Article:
In The People's Blog

Written remarks offered at Pioneer Valley Regional School District’s school year kick off on August 29, 2022. (I cut them a bit on the spot for time!)

So honored to be invited.


Thank you so much for inviting me to join you this morning.

As it happens, my wife Ann, who teaches social studies at Chicopee High, is doing the same thing you – and so many other dedicated educators and staff are doing today – convening with colleagues to launch another school year as powerfully, buoyantly, and effectively as possible. 

You have my gratitude, admiration, and heartfelt thanks for your dedicated service.

But let’s be honest and frank.

You had that BEFORE COVID. Now…well…you have all that in triplicate. 


I know these last years have been brutal.

You flipped from in person to virtual to hybrid. And you created new lessons with every new context.

You dealt with absences, anxiety, tech issues (which also provoke anxiety), and capricious state policy – not to mention a historic, global pandemic.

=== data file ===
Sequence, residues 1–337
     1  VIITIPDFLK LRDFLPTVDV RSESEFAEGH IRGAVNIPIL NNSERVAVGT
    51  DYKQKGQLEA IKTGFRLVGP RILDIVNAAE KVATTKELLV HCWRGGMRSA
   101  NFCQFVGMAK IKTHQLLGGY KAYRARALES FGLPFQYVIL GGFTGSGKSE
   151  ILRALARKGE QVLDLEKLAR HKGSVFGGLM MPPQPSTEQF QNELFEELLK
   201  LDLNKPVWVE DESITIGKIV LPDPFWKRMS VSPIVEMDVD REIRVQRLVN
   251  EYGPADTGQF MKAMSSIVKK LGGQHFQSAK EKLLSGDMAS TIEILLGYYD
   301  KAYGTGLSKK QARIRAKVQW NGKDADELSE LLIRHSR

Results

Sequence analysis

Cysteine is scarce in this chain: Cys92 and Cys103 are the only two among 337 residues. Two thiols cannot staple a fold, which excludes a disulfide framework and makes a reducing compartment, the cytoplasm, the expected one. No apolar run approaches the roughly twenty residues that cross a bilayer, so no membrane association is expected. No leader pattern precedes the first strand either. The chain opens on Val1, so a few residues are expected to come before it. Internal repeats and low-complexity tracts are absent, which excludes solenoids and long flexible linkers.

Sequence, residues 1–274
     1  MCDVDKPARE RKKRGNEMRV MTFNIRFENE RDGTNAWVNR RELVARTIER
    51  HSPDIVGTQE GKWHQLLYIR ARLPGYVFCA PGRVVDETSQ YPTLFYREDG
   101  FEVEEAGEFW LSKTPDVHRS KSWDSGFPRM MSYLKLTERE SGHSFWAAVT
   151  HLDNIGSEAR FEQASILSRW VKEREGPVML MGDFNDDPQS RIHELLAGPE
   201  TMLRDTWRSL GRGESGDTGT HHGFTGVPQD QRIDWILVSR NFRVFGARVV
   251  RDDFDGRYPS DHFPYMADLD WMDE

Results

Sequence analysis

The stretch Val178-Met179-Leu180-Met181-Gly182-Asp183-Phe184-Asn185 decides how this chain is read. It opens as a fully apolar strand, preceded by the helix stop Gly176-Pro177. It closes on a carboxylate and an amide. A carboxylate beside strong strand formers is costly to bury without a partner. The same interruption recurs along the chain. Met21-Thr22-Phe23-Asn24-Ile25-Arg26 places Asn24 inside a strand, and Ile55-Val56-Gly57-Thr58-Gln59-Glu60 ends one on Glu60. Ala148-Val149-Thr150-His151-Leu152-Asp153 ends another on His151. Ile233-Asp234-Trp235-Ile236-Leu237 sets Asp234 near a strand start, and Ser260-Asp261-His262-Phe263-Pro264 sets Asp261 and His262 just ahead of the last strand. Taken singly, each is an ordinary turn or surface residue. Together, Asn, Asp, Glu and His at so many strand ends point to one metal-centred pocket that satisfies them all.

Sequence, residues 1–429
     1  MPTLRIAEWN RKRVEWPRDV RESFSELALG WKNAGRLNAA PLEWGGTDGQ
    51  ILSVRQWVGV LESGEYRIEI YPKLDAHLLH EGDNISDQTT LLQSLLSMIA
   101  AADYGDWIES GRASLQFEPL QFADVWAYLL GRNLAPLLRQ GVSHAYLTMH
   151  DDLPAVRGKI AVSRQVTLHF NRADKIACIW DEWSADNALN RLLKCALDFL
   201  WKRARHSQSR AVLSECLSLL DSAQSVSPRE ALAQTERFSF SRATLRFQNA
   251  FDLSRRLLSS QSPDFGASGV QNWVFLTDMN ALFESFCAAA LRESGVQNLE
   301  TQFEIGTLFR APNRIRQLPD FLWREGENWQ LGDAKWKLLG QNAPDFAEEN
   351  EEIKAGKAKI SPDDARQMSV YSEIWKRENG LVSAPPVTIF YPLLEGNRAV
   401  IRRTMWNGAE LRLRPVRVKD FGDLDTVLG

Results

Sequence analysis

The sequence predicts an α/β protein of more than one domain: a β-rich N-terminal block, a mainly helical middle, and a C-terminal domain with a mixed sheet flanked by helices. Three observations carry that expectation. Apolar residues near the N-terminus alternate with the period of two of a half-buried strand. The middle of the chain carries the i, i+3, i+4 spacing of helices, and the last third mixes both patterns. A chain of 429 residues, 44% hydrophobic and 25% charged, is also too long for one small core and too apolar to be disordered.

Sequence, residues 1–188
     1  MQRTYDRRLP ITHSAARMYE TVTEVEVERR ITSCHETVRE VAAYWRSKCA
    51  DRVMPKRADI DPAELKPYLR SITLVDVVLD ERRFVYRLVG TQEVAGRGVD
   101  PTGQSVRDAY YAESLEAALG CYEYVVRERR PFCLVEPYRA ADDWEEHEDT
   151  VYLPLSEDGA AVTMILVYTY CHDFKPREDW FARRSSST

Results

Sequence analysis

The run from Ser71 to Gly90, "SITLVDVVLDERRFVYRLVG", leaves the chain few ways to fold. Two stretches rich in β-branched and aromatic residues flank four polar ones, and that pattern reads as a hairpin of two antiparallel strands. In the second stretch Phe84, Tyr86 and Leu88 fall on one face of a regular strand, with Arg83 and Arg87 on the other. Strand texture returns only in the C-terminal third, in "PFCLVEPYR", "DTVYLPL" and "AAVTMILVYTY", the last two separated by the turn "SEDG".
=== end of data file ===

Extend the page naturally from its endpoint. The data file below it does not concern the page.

You called home when kids were having challenges engaging. You tried to get your students services when none were available. 

You incorporated testing and mask mandates.

You hauled in sanitizer, wipes, Kleenex, masks, and snacks.

When school was all virtual, you taught as compassionately and creatively as possible to a lot of dreaded blank screens. And sometimes on students’ screen you had a window into some complicated and painful realities at home.

When we returned in person, you helped students remember to keep those masks above their noses and sometimes their chins. 

And you let them know that things would be OK. That they’d catch up on what we all missed. That they’d remember how to be social. That it wouldn’t be so hard forever. 

And. So. Much. More.